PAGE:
In cases where a project is proposed on a river on which a multi-purpose project is already in operation, action would be taken in co-ordination with the utility operating the latter and the concerned state government.

The government’s concern about ensuring the optimum and co-ordinated exploitation of river basin potential can be understood. However, this could have been done without putting projects through the travails of licensing. As it is, the promoter of a hydro project has to obtain a number of statutory and non-statutory approvals in finalising his scheme.

Only in the case of an inter-state river is caution required. Inter-state disputes in India over the usage and sharing of river waters had been legion – even from the colonial times. Thus the Indian Constitution, adopted in 1950, has a rare clause providing for the creation of a judicial tribunal to settle such an inter-state river dispute.

Although matters have improved over the recent years, the project approval process for a hydro project is still quite tortuous, needing, as stated earlier, a number of prior approvals. Since the state power utility is still the major purchaser of power from IPP plants, even negotiations leading to a PPA are not without delay and complications. The new Bill is not likely to make any significant changes to the situation as it did not touch on this issue.

On the positive side the Bill has reiterated the reduction of the role of the CEA to that of advising government and ERCs, data-gathering, undertaking studies and doing sectoral planning.

Evacuation of power

Another positive feature of the Bill is that a generating company would have the option to supply power to any company licensed to undertake transmission, distribution or power-trading. It could even supply power directly to a consumer or class of consumers. This is a part of the dismantling of the monopoly of the State Electricity Boards (SEBs) which the Bill has carried forward as a part of the on-going sectoral reforms.

Following the federal policy of gradual privatisation of power transmission, the Bill allows new lines to be set up, and old lines taken over, by private companies wishing to enter transmission sub-sector either in itself, or along with generation/distribution. A hydro developer could thus own, maintain and operate his own lines, if he so desires.

However, like other transmission licensees, the operation of his line would be subject to grid control, monitoring and directions of a state or federal transmission utility (which would be government-owned). The licensee would also have to provide non-discriminatory, open access to any company or consumer wishing to use his line, so long as it pays the tariff determined by ERC. In case of an inter-state line, the license would be given and tariff set by the federal ERC, while for an intra-state line that would be done by the state ERC.

Trading and distribution

The age-old policy of licensing power distribution is to be continued, except that the latter would go more in the hands of private companies as the state governments and their utilities gradually move out of that field. The increased privatisation of distribution is expected to bring in greater operational economy, improvement in efficiency and retail service, and more investment in this key area.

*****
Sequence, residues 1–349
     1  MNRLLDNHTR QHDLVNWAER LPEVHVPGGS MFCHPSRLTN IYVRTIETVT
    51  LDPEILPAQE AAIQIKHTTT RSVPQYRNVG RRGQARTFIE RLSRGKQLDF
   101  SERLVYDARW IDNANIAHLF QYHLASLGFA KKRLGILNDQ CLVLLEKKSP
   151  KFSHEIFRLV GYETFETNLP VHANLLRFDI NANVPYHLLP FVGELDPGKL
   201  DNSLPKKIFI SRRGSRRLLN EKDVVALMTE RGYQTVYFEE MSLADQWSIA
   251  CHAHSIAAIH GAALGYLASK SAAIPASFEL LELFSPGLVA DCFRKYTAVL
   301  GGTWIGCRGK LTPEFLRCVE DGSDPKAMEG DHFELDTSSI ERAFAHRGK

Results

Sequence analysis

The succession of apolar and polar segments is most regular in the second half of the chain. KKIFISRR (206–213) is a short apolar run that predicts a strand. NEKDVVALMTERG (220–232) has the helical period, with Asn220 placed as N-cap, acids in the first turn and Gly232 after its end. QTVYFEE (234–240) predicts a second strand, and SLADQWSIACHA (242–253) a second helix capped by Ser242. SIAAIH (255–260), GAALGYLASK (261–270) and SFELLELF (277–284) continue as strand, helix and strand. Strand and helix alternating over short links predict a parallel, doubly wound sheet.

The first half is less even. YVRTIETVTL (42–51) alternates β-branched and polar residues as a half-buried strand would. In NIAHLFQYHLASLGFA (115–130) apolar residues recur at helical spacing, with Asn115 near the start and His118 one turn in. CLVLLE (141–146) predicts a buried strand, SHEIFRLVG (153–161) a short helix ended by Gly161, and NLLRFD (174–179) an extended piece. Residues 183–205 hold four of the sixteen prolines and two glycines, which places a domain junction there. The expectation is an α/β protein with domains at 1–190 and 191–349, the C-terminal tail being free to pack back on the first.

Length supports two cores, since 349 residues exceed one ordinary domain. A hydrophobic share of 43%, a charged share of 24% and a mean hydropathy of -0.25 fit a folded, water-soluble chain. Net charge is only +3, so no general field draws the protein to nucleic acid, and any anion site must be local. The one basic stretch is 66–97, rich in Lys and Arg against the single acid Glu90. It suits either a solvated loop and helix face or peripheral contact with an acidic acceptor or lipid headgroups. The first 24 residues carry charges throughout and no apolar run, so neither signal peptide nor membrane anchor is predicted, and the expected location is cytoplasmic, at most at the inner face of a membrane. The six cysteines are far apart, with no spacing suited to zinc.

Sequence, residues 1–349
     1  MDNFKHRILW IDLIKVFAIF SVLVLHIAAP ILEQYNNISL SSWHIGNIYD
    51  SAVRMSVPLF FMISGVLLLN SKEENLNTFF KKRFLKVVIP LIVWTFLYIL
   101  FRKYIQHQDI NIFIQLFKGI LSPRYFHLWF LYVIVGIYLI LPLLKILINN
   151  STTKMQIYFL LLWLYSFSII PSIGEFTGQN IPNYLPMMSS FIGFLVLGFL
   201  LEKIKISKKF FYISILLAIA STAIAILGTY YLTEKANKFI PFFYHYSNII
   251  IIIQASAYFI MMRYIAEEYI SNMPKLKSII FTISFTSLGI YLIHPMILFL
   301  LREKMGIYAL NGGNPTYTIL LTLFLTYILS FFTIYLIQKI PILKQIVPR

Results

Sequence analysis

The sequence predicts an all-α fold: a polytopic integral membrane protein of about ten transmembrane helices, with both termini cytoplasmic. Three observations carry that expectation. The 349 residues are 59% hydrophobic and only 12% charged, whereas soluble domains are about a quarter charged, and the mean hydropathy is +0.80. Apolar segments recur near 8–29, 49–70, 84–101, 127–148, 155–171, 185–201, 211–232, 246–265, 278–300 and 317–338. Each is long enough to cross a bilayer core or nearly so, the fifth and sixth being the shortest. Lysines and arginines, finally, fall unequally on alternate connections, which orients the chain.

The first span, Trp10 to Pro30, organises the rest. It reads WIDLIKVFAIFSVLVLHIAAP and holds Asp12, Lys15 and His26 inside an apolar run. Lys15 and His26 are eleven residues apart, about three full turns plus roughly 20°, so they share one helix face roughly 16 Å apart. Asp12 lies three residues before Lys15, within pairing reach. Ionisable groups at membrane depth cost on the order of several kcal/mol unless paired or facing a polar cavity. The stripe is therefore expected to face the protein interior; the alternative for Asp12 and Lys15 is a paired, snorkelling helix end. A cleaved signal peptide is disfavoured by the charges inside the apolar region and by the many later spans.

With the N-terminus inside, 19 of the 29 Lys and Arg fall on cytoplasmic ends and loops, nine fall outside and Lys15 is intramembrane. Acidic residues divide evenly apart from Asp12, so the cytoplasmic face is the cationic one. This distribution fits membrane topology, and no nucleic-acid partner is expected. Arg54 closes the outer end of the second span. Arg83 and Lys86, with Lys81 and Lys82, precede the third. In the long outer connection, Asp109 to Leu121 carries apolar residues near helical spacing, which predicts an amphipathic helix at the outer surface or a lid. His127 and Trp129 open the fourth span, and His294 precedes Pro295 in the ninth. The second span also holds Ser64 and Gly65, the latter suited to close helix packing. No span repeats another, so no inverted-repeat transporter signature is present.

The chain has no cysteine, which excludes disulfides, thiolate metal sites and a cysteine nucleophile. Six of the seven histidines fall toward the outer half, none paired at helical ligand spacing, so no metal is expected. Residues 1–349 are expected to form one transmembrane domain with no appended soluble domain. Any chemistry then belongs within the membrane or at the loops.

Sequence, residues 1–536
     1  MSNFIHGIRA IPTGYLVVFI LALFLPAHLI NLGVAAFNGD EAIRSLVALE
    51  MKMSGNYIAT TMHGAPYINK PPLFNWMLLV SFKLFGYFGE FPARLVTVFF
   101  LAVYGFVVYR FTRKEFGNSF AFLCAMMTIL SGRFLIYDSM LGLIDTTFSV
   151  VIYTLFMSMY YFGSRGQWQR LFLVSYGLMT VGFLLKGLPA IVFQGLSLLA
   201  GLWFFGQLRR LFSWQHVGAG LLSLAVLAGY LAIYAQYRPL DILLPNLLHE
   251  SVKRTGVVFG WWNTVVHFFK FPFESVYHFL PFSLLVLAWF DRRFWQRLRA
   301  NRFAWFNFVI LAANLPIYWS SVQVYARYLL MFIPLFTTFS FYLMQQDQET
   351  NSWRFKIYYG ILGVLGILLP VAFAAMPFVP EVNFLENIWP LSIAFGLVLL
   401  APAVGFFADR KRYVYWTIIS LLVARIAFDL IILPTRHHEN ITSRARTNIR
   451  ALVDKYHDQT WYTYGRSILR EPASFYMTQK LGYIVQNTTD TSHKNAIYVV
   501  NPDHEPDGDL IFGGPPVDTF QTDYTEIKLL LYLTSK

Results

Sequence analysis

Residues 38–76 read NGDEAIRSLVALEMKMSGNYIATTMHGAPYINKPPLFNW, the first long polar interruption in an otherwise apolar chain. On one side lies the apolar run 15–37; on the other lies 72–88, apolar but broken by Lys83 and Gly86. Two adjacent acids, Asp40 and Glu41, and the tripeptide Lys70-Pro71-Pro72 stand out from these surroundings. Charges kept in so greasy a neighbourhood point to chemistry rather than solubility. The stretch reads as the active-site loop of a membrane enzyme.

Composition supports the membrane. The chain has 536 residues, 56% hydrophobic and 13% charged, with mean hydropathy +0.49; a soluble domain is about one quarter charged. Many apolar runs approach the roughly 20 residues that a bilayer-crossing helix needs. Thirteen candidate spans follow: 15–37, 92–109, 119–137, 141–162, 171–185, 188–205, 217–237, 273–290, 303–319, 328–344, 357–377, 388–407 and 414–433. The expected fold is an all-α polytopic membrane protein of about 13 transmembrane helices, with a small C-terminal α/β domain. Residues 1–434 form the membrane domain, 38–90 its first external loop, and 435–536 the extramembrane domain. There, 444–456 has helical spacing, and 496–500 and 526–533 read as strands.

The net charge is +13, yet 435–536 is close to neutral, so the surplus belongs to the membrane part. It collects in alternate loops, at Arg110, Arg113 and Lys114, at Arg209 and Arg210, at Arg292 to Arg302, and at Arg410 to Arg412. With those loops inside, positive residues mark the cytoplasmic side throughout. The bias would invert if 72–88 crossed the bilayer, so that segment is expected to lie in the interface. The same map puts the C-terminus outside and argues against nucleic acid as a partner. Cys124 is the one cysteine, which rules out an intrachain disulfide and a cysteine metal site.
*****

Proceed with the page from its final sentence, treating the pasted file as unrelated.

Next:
The state ERC, apart from setting retail tariff from time to time, in an open and transparent manner, would also promulgate an Electricity Supply Code governing the terms of such supply. To safeguard the interests of the consumers, the ERC would also lay down standards of performance by a licensee, on pains of compensating the dissatisfied customer in case of default by the licensee.

Until recently, an adverse feature of power supply in India was the inability of state electricity boards (SEB) to pay promptly and in full for the power purchased from a generator – federal, state, or private. This was because the provisions of the existing law were perverted over the years by the state governments in fixing retail tariff on populist rather than commercial lines. The tariff was not revised by them in due time to account for increase in costs, certain favoured classes (domestic and rural customers) were subsidised via below-cost rates and yet, the state government did not recompense the SEB for that. With the creation of ERC, the role of State Government in crucial matters like licensing and tariff has been ended, except for ‘such directions in matters of policy involving public interest as the state government may give to it [ERC] in writing.’

A better place

The new Bill is a step in the right direction and, if faithfully implemented, would make India’s power sector a much better place to invest and work in. There are a few lacunae, no doubt. Hydro licensing is one of them. More emphasis (with appropriate provisions) could have been laid in the Bill on renewables such as small hydro; and on uprating and refurbishment of old plants. On the whole however, a hydro company, whether already operating in India or intending to enter, would find the new Bill to its liking and adding to its strength.